My Cup o' Joe

MyCup o' Joe Week 26

Joe talks Secret Invasion, Colbert, and more in the 26th edition of MyCup o' Joe

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MyCup o' Joe is the weekly communiqué from Marvel Comics Editor in Chief Joe Quesada to the legion of Mighty Marvelites Assembled! Every Friday, Joe will sit down with journalist Jim McLauchlin to answer questions on the pressing issues of the day at Marvel and throughout comics. And you get to chip in as well! Joe will be answering YOUR questions every week! To get in on the fun, post your questions at the bottom of this page!

CABLE #7

MARVEL APES #3

PUNISHER WAR
JOURNAL #24

JM: It looks like you have… JQ: Hey, before we get in to anything, a double-important preview we have to run. This is the FIRST preview of Secret Invasion #7. Things are whipping to a conclusion, and I'm pretty stoked about the way things have been going in this book, and all the crossover titles.

SECRET INVASION
#7

Art From
SECRET INVASION
#7

JM: Groovy. Well, as I was about to say, it looks like you have a hit on your hands with the new Deadpool series. Is this nostalgia for the '90s already? JQ: I honestly don't think so. I just think the book is hitting on all cylinders and is hitting just the right note for Deadpool fans. If you've ever met Daniel Way, which I know you have, Jim, it's pretty clear to all of us that he IS Deadpool. Thank god he lost his gun license. He did lose his gun license, didn't he?

Art From
DEADPOOL #3

Art From
DEADPOOL #3

Art From
DEADPOOL #3

Art From DEADPOOL
#3

Art From DEADPOOL
#3

JM: Check under his pillow and we'll see. There's been a couple small temblors in the comics biz in the past two weeks—DC has shut down its Minx imprint, and employees of Virgin Comics have bough VC's assets and turned it into Liquid Comics. What's the reaction to these events at the Marvel offices? JQ: Well, it's never good to see, but the honest truth is that it wasn't completely unexpected. With respect to Minx, I just don't think it was given the right kind of marketing push. Granted, it's not as easy to market Minx as it is to market superheroes. Minx could have been the greatest comics ever written and it wouldn't have mattered, as I honestly don't feel DC gave it the best chance to succeed. I'm not saying that they needed to spend a lot of money on it, but they could have been creative at least. It just didn't feel to me like they gave it a chance outside of promoting the initial launch. As for Virgin, what they were trying to do was an uphill battle from the start, and as someone who has been there, it's not easy doing a start-up business in any field—especially comics. JM: Personally speaking, I know you have to keep some kind of eye on the competition, but how do things like this affect your business? Are there repercussions at Marvel? Or do you just keep your head down in your own work? JQ: There are cautionary tales any time something like this happens, and always something to learn. Arguably, there is less for us to learn from what happened to Virgin when compared to Minx—we're not a start-up, but we might launch new lines. JM: One question we constantly see in the reader qs is "Will Marvel collect Insert-Title-Here in paperback?" Now it's really not your department, but do you ever feel a want, need or desire to make it your department? JQ: Nope. Between the monthly titles and Marvel West stuff, I wouldn't have the time to worry about it, even if I wanted to make it my department. Plus, I would just gum up the works. We have some really brilliant and talented people in our Collected Editions department, and that's why it's been so amazingly successful. They don't need any input from me at all. JM: 'Cause, y'know, I would love to see those old Joe Casey-Jose Ladronn Cable issues collected. Really. JQ: Not my department, man. Call Collected Editions. JM: Shifting over to your December solicitations, which just went up recently, you have a lot hinging on Secret Invasion #8, the finale to that series. And, I guess…a whole new set of solicitations on eight books as soon as Secret Invasion #8 hits? JQ: Well, we try not to put all our eggs in one basket but there's no denying that we hung our hat on SI as our big event for this year, and it's been a success.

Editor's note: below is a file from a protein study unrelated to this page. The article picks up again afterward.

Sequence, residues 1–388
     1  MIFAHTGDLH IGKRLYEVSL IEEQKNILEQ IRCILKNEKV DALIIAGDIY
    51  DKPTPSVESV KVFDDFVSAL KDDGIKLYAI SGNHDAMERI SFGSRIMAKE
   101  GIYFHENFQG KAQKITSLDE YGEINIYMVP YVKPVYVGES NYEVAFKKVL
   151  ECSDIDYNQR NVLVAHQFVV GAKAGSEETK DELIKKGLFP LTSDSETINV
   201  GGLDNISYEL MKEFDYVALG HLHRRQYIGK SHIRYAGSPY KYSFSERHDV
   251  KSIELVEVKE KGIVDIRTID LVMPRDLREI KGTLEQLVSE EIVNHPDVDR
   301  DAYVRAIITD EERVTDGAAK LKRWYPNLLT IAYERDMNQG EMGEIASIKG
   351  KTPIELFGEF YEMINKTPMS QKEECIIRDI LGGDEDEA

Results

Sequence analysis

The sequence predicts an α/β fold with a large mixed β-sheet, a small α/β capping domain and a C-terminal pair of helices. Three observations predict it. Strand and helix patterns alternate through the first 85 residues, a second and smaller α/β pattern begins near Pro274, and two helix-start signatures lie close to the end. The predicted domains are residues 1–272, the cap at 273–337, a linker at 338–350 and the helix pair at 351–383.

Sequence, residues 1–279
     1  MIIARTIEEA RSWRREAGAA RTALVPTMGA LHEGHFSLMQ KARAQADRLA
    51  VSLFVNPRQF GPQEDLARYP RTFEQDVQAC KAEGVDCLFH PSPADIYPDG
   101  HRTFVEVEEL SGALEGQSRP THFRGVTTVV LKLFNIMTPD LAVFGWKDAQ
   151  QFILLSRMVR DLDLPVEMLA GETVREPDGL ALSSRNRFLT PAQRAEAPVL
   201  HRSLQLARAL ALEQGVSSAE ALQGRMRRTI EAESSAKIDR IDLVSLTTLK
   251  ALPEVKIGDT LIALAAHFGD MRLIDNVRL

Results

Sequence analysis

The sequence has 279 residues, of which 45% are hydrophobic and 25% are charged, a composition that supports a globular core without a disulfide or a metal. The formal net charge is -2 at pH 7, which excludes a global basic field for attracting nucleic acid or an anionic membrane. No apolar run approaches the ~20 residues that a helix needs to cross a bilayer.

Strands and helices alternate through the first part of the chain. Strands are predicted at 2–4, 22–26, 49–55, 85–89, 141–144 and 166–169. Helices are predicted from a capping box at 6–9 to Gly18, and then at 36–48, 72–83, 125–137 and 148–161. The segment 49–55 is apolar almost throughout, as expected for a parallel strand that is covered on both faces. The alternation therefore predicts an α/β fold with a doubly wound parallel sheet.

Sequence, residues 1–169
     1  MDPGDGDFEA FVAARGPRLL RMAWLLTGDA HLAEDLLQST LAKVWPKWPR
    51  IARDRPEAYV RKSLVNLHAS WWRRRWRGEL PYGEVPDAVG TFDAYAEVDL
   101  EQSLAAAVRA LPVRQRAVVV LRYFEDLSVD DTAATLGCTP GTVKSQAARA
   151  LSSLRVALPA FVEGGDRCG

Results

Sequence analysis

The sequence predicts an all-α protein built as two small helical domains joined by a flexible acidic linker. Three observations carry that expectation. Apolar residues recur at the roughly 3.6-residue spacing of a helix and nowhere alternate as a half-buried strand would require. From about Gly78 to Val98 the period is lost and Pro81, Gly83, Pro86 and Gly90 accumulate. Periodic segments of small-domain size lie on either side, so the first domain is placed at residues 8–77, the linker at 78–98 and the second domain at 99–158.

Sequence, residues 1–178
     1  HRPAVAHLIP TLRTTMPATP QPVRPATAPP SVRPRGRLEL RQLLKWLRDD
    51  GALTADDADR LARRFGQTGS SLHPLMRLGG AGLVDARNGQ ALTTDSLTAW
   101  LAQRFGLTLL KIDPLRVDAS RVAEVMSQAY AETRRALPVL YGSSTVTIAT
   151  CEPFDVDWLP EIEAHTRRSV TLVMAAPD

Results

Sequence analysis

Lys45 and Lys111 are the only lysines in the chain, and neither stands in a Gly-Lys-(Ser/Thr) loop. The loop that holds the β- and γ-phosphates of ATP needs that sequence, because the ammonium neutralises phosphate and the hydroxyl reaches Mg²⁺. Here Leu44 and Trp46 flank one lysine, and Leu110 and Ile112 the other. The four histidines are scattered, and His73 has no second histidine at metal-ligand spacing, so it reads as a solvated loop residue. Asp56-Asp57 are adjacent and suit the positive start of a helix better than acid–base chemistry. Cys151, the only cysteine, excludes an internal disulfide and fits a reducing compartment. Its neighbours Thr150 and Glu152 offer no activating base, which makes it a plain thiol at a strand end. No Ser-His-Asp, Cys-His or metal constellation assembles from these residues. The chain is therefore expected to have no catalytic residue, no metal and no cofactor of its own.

SECRET INVASION
#4

SECRET INVASION
#5

SECRET INVASION
#6